The last report of the collaboration with IT for Change has just been published: decidim.barcelona, Spain. Voice or chatter? Case studies. It belongs to the research project titled Voice or Chatter? Using a Structuration Framework Towards a Theory of ICT-mediated Citizen Engagement, and produced with the financial support of Making All Voices Count, a programme working towards a world in which open, effective and participatory governance is the norm and not the exception. This Grand Challenge focuses global attention on creative and cutting-edge solutions to transform the relationship between citizens and their governments. Making All Voices Count is supported by the U.K. Department for International Development (DFID), U.S. Agency for International Development (USAID), Swedish International Development Cooperation Agency, and Omidyar Network (ON), and is implemented by a consortium consisting of Hivos, the Institute of Development Studies (IDS) and Ushahidi. The programme is inspired by and supports the goals of the Open Government Partnership.
In the following links can be found all the outputs of the aforementioned project:
The report which I have penned deals about the Barcelona (Spain) city council participation program called decidim.barcelona.
Following I reproduce the executive summary and the link to download the full report.
In September 2015, Madrid —the capital of Spain— initiated a participatory democracy project, Decide Madrid (Madrid decides), to enable participatory strategic planning for the municipality. Six month after, Barcelona – the second largest city in Spain and capital of Catalonia – began its own participatory democracy project, decidim.barcelona (Barcelona we decide) in February 2016. Both cities use the same free software platform as a base, and are guided by the same political vision.
The success of these initiatives and the strong political vision behind them have spawned plenty of other initiatives in the country – especially in Catalonia – that are working to emulate the two big cities. These cities are sharing free-software-based technology, procedures and protocols, their reflections – both on open events and formal official meetings. What began as a seemingly one-time project has grown in scale.
Available open documentation suggests that decidim.barcelona has increased the amount of information in the hands of the citizens, and gathered more citizens around key issues. There has been an increase in participation, with many citizen created proposals being widely supported, legitimated and accepted to be part of the municipality strategic plan. As pluralism has been enhanced without damaging the existing social capital, we can only think that the increase of participation has led to an improvement of democratic processes, especially in bolstering legitimacy around decision making. A meta-project has indeed opened the design and development of the project itself to the citizens themselves. This can be summarized in four key points:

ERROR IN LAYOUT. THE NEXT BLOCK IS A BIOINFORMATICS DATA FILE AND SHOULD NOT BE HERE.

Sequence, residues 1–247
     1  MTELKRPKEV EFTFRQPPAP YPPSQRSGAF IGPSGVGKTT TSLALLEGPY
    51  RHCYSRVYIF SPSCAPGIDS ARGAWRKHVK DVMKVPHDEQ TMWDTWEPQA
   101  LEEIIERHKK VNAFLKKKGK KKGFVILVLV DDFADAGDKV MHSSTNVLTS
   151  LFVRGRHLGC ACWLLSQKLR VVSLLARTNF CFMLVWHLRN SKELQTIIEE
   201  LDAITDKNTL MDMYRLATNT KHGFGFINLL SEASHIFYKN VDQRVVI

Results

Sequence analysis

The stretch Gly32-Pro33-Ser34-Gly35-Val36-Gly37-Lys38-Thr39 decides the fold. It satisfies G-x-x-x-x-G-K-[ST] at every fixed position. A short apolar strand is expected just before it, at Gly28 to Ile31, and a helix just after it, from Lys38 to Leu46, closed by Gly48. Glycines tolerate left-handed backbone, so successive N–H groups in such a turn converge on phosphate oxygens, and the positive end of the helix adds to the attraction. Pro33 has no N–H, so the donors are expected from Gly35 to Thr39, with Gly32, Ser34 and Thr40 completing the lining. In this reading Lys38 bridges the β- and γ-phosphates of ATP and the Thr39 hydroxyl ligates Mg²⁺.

Deliberation becomes the new democracy standard
Openness becomes the pre-requisite for deliberation
Accountability and legislative footprint emerge as an important by-product to achieve legitimacy
Participation leads to more pluralism and stronger social capital, which fosters deliberation, thus closing the (virtuous) circle of deliberative democracy.
What remains to be analyzed is the strength and stability of the new relationships of power and how exactly these will challenge the preceding systemic structures and lead to newer ones. The culture of participation was hitherto scarce and mainly dealt with managing the support of citizens in top-down type initiatives. Changing the mindset implied turning many of the departments and processes of the City Council upside down – a need for new coordination structures, a new balance between the central administration and the districts, a speeding up of the slow tempos of the administration, and new ways to manage public-private partnerships.
Using Anthony Giddens’ Structuration theory, this case study examines the e-participation initiative of the City Council of Barcelona (Spain), decidim.barcelona. The study analyzes the inception and first use of decidim.barcelona for the strategic plan of the municipality in the years 2016-2019.